And, if ever we overcome sin once, it should be the signal for proclaiming a general war against all sin. The fight and victory over Amalek brought from God’s mouth the solemn declaration that there should be war with Amalek for ever and ever. So must it be with you. Have you mastered one sin? Slay the next, and the next, and the next. Can you curb your temper now? Now smite your pride. Is your pride humbled? Now drive an arrow through the very liver of your sloth. And is your sloth overcome? Now seek, by divine grace, to strike through the neck of the next temptation. Onward to the total destruction of every Amalekite must the child of Israel go.
But notice, that in the whole business the glory was given to God. No pillar was erected on that field of Israel’s warfare in commemoration of Joshua, but an altar as a memorial to Jehovah. That day Israel did not lift on high the banner of Joshua, and sing of him as of the victorious Maccabaeus—
“See, the conquering hero comes!
Sound the trumpets, beat the drums!”
but that day it was said, “Jehovah Nissi,” the Lord is our banner, for they ascribed the glory and honour unto him whose right hand alone had gotten to him the victory. So must we do in all our successes, for if we overcome a sin and then boast ourselves, we are overcome by sin. If looking back upon the past we say with congratulation, “ God, I thank thee that I am not as other men are; I thank thee for this and that;” but all the while are thinking that we have much more reason to thank ourselves, we show that we are still with the fetters upon our wrists dragged in captivity. I leave the point, hoping that some young Christian may have received a lesson in experience. And yet I fear that we must all learn experience for ourselves, and that what is told us by others is but an idle tale, I pray that you who are coming up a new generation may not be as your fathers were, a stiff-necked people, but that you may walk before the Lord with greater holiness and smite Amalek with sterner determination than your sires have done, that so the victory may be unto God through you.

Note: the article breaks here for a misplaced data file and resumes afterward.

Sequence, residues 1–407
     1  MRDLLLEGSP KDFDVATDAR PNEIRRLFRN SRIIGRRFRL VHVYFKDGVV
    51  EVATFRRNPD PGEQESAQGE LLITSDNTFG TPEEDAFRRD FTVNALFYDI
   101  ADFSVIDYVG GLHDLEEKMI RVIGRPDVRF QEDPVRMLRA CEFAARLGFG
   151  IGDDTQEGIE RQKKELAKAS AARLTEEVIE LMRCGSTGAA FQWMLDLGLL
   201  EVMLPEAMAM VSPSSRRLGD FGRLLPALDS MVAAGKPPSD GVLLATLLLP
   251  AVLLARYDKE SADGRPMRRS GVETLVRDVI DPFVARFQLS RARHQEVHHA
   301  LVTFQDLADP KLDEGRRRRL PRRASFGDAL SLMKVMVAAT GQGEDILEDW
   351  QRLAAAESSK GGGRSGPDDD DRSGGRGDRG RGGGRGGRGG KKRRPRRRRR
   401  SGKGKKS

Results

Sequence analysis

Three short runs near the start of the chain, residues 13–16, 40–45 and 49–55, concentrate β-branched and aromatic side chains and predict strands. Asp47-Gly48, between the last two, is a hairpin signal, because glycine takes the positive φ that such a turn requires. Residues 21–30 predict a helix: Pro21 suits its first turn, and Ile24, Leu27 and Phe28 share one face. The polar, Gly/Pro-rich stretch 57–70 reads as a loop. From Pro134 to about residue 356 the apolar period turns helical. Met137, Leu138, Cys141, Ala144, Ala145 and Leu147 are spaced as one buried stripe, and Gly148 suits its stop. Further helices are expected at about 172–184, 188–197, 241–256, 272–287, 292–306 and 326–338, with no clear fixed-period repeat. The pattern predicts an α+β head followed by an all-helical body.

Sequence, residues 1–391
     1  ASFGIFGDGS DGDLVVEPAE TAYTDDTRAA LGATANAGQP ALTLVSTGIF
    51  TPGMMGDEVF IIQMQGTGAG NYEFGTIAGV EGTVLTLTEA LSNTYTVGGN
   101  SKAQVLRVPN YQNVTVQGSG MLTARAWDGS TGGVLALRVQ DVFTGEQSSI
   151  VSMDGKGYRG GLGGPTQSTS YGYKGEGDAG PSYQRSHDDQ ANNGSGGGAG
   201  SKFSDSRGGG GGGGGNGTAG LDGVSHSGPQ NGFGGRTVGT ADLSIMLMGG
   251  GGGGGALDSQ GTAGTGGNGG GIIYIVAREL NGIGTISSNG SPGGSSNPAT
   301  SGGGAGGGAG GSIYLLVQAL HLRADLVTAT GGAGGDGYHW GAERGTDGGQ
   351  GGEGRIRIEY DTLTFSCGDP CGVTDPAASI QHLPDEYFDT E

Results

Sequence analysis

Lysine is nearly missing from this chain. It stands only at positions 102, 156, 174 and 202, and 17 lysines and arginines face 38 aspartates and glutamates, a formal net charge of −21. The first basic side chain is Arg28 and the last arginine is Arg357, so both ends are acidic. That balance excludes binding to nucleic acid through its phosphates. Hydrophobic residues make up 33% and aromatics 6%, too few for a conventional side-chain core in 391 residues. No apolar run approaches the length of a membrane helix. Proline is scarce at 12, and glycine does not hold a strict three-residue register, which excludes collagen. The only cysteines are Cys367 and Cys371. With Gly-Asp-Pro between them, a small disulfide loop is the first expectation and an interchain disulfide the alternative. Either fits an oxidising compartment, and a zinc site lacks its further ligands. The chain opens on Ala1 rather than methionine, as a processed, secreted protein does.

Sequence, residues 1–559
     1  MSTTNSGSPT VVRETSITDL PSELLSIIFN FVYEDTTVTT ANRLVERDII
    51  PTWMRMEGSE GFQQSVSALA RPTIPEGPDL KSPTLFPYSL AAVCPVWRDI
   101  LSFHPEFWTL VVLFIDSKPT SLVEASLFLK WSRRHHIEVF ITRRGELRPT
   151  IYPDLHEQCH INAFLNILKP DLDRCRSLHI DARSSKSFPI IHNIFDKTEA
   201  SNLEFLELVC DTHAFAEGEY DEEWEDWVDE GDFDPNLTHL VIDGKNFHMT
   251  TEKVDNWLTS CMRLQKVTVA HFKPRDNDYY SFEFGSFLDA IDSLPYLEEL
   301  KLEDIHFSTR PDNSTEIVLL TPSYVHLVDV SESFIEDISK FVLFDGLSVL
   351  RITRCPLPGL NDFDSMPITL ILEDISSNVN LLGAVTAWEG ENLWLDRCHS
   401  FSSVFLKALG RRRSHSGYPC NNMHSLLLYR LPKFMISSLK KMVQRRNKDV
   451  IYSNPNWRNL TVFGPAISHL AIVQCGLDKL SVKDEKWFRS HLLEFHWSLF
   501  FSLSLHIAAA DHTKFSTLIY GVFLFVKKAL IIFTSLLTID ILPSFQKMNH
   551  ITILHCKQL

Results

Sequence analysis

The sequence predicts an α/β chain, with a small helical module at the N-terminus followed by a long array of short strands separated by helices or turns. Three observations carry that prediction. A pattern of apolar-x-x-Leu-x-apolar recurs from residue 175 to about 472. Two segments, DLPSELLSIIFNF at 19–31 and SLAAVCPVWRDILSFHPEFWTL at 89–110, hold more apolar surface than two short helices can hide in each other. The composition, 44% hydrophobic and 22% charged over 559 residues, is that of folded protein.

II. In the second place, the whole narrative may be interpreted AS THE HISTORY OF ANY ONE CHRISTIAN OHURCH. I draw a distinction between the general church and any one particular church. In the olden times the churches of our Lord Jesus Christ, though acknowledging one another and recognising their unity, were distinct organisations managing their own affairs. And here I will digress so far as to say, that the only Christian unity which you and I may ever expect to see and to seek after is, not the amalgamation of all churches into one colossal scheme of government, but the spiritual union of all the churches in working for the Lord, each church exercising its discipline within its own bounds, and carrying out of Christ’s commands within its own walls, and at the same time recognising all other truly Christian churches as being parts of the one body of Christ. Instead of attempting to destroy all these separate churches in order to create unity, we should build up the walls of each house so that the whole city may be compact together. Even the names which describe the varieties of our conscientious convictions are useful, and are only cavilled at by a party who under the cloak of being unsectarian are more sectarian than the worst of us could even slanderously be said to be. Suppose that all the livery companies in London should give up their distinctive names, so that there should be no Goldsmiths’ Company, nor Cloth Workers, nor Merchant Tailors, nor Fishmongers, but that all should be called citizens, it would be a wonderful piece of policy and would singularly unite the citizens of London, would it not? We believe that the reverse would be the case. The existence of the separate corporations, each with its peculiar interests to maintain, but all bound up with the prosperity of the city, help to create unity; and so the unity of the Saviour’s body is preserved rather than destroyed by each believer carrying out his convictions of the Lord’s will, and not refusing to identify himself with those who think with him, nor refusing to wear the name which describes them. Certain sectaries cry out, “We are called Christians.” “Yes, I say, and are we not too?” Are they brethren? So are we. Are they Christians? So are we. Do they seek to be followers of Christ? So do we. There is the less need for some to parade the name of Christians when they know that they are Christians. Let us try to live out our Christianity rather than blazon it upon our doorposts.